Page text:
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There’s a lot that goes into traveling with kids: there’s the iPad, the charger, the games; there’s downloading the books and the necessary snacks. Barring any last-minute need for a stuffed animal or that “special” shirt, looks like you’re ready to go!

Or do you…

If you’re crossing borders or international waters—especially if you’re traveling with kids solo or you’re the grandparent—you might need more than a verbal “OK” and a ticket. Concern about parental abductions and kidnappings is at an all-time high, so it pays to be prepared.

If both parents are traveling with their children, at a minimum they should have a copy of each child’s birth certificate. Kids under 14 are not required to show ID at TSA checkpoints, but some airlines require the birth certificate to prove their age. Still considered minors by the TSA, kids 15 to 17 can get away with a school-issued ID card or a library card. Best-case scenario? Obtain a passport for each child. Keep in mind that many cruise ships require valid passports.

No passports? No worries. You can visit the U.S. Department of State website at http://travel.state.gov or call the U.S. National Passport Information Center at 877-4USA-PPT for the most current requirements. In general, the passport application process can take up to 8 weeks to complete, so get started as soon as possible. There are, however, workarounds that can expedite the process. Note: Children under 16 have to appear in person at the passport office, and you will need a certified birth certificate. Click here for more details on the U.S. Department of State’s requirements for children.

But what if you’re a solo parent—or traveling with grandkids? This is something that might not be an issue on a domestic flight, but follow the following travel tips, as it’s always better safe than sorry. On anything with a whiff of international, though, you have to be ready to provide documentation stating that you have permission to travel with that child (or children).

Before you leave, ask the kid’s parent (or parents) to sign a “Travel Consent Form.” You can find them for free on all over the Internet (Google “parental consent form for travel”—we got 1.4 million results.) Download, print, and have it signed in the company of witnesses. You may wish to have that document notarized, as well.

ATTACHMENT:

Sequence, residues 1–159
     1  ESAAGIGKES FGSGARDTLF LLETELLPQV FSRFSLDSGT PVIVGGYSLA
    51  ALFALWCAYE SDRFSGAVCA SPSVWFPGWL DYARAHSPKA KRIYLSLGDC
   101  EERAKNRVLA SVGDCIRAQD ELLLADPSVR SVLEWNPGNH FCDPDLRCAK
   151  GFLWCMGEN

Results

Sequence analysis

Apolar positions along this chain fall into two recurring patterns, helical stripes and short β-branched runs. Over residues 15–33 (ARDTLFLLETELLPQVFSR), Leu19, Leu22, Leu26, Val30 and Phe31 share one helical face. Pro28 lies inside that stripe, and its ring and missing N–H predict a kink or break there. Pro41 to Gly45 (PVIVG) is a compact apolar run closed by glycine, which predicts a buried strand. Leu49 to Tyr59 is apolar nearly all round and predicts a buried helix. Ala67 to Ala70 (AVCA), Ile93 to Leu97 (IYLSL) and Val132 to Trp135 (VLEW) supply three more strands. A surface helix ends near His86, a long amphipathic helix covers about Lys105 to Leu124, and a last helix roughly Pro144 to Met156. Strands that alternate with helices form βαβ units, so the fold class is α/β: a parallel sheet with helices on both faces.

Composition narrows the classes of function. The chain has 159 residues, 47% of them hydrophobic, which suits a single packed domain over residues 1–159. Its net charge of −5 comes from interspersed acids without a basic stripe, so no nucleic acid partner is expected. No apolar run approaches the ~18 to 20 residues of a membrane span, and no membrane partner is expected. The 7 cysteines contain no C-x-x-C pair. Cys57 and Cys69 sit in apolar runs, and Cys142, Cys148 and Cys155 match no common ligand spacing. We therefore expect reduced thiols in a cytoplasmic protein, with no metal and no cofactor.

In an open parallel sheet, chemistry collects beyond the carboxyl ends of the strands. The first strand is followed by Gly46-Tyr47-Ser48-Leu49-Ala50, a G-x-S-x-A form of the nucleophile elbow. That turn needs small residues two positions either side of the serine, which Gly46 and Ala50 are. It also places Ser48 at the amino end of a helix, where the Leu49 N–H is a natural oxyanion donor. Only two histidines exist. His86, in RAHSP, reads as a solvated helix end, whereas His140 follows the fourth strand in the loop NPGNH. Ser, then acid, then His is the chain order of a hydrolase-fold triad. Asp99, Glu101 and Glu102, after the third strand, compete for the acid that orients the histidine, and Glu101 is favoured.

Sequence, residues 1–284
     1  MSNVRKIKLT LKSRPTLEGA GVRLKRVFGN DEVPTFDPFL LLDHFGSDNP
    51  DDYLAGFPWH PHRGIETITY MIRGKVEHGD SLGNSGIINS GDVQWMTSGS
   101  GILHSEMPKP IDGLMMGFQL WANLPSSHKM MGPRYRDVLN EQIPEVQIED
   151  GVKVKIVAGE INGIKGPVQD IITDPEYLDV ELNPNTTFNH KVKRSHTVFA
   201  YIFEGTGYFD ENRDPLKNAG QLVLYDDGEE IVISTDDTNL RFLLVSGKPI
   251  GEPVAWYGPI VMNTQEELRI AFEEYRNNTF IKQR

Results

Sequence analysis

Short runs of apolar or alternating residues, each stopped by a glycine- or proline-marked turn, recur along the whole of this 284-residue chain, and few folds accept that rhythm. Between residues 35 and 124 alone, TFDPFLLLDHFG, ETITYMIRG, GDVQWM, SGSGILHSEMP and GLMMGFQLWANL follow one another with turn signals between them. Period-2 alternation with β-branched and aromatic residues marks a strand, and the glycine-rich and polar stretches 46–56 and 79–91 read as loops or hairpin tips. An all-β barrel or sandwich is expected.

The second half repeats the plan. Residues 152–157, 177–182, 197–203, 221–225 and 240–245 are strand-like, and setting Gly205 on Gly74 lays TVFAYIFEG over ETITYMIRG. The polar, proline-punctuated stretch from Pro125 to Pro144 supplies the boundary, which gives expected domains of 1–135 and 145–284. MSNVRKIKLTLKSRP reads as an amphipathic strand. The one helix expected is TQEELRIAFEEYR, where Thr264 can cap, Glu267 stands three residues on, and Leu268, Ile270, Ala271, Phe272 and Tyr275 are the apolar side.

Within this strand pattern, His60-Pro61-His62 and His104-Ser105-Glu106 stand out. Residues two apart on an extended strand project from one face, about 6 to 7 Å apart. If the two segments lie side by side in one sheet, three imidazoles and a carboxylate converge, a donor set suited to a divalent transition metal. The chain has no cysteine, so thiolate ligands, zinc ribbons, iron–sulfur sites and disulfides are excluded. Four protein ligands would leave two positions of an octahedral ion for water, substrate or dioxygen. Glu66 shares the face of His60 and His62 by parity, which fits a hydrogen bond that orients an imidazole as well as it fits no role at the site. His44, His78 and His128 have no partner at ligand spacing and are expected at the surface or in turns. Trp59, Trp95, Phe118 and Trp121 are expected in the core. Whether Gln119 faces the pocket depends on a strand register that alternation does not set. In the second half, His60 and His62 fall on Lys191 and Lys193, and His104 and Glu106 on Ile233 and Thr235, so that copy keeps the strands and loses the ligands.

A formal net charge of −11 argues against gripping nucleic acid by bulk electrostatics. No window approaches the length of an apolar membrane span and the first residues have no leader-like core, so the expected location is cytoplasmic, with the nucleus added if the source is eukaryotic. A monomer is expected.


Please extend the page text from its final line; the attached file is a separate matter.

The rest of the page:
Divorce tends to complicate things a bit, too, especially if your last name differs from that of your child. You need to be extra sure all your ducks are in a row. In that case, be sure your Travel Consent Form is both signed by the absent parent and notarized, plus take along a copy of the child’s birth certificate where you are listed as a birth parent by name.

If you’re traveling between Canada and the U.S., you’ll need a little more. According to the Canada Border Services Agency: “Minor children travelling alone must have proof of citizenship” and, furthermore, “Divorced or separated parents should carry custody or legal separation documents and/or a letter of authorization to facilitate their entry into Canada.” There are several other requirements, so be sure and check the site.

And, if your plans include travel to Mexico, Canadians have an added caveat, which you can read about here.

Please remember that travel document requirements can—and do—change over time. Your best bet is to check the entry policies of the countries you’re planning on visiting (the U.S. State Department’s Bureau of Consular Affairs and the Canada Border Services Agency sites are a good place to start.)

Almost ready to go? Consider taking along a SkyMed TAKES YOU HOME medical evacuation services membership as well—both for you and the kids. In the event that an unfortunate critical accident or illness during your trip leaves your minor children or grandchildren stranded, SkyMed will take them home. Plus, grandkids under the age of 18 are eligible for all member services when traveling with their grandparents. SkyMed picks up where traditional travel insurance leaves off!

 

 

Photo credit: Mats Hage Eikemo via photopin cc


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